Even as recently as high school, I recall taking it for granted that my mom’s identity was somehow singularly defined by motherhood – that, according to some unwritten and tacitly understood code of universal maternity, mothers were defined not by the lives they had led up to the moment of our births, but rather by their relationship to us, their children.
To me, my mom – my smart, sharp, wonderful, supportive mom – was therefore first and foremost a mother. Any other role she happened to inhabit – worker, wife, daughter, aunt, friend, sister – was incidental, almost like an afterthought meant to amplify her ability to continue to be, in my mind, the best mom in the world.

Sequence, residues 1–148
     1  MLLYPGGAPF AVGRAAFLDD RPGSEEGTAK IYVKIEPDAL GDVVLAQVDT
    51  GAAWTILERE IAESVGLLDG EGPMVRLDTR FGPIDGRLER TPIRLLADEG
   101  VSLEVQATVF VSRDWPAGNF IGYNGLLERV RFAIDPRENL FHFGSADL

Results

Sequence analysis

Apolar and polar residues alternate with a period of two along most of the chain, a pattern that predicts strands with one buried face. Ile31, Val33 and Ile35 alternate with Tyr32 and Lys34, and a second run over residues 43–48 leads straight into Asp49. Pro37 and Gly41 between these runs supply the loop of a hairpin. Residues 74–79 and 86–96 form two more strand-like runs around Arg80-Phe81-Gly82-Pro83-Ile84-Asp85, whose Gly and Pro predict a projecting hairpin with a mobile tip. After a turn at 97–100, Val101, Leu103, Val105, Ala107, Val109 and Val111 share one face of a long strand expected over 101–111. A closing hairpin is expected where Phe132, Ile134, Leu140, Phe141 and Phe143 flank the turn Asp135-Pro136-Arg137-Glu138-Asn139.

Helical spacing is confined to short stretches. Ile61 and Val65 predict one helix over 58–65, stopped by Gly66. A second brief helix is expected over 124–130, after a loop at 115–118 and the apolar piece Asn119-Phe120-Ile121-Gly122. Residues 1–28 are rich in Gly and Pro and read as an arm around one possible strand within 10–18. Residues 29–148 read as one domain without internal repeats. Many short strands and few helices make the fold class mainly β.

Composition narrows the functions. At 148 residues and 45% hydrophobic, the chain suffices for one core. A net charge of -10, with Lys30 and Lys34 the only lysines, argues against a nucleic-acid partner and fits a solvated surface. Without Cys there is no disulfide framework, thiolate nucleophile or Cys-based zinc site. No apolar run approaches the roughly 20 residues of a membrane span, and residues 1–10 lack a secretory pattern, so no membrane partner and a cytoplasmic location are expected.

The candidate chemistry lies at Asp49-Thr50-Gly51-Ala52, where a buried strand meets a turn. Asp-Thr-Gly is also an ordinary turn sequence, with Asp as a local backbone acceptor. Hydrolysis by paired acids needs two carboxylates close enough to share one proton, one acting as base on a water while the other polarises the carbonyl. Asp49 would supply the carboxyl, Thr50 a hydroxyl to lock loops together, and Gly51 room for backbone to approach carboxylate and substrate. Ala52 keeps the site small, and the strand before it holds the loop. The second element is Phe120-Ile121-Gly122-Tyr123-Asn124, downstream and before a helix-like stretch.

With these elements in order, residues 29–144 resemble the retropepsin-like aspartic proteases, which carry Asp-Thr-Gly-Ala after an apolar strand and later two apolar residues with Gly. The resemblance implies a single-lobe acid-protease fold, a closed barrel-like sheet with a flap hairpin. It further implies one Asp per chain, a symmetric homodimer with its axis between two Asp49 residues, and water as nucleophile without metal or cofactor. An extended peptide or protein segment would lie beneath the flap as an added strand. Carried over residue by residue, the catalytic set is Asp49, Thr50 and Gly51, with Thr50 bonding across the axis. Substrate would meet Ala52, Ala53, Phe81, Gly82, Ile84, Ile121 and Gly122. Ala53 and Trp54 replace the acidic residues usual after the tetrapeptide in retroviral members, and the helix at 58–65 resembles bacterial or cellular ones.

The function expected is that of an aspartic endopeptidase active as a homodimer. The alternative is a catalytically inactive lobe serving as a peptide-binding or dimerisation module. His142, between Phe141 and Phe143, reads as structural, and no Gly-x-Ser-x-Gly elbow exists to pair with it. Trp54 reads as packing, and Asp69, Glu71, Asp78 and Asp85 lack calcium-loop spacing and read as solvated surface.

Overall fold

It really wasn’t until grad school, a period when I finally started coming into my own and following some of the paths I had laid out for myself, that I learned the most valuable lesson about her: not only is she more than a supporting actor – she’s a dreamer, a visionary, an enabler, and one heck of a strong woman in her own right.
In the grand scheme of things, I’m not surprised it took me so long to realize this. Growing up, I distinctly remember telling my mom that I would one day become a famous actress, to which she replied: “It’s fine to think about – but don’t get your hopes up.” Never one to mince words or sugarcoat the truth, my mom was (and still is) undoubtedly a realist, and this fact made it difficult for me to perceive how, at the core, she was also the greatest dreamer I have ever known.
So when I started blogging three years ago, the hobby concerned her: did I have enough time to study? Were there enough hours in the day?… Read more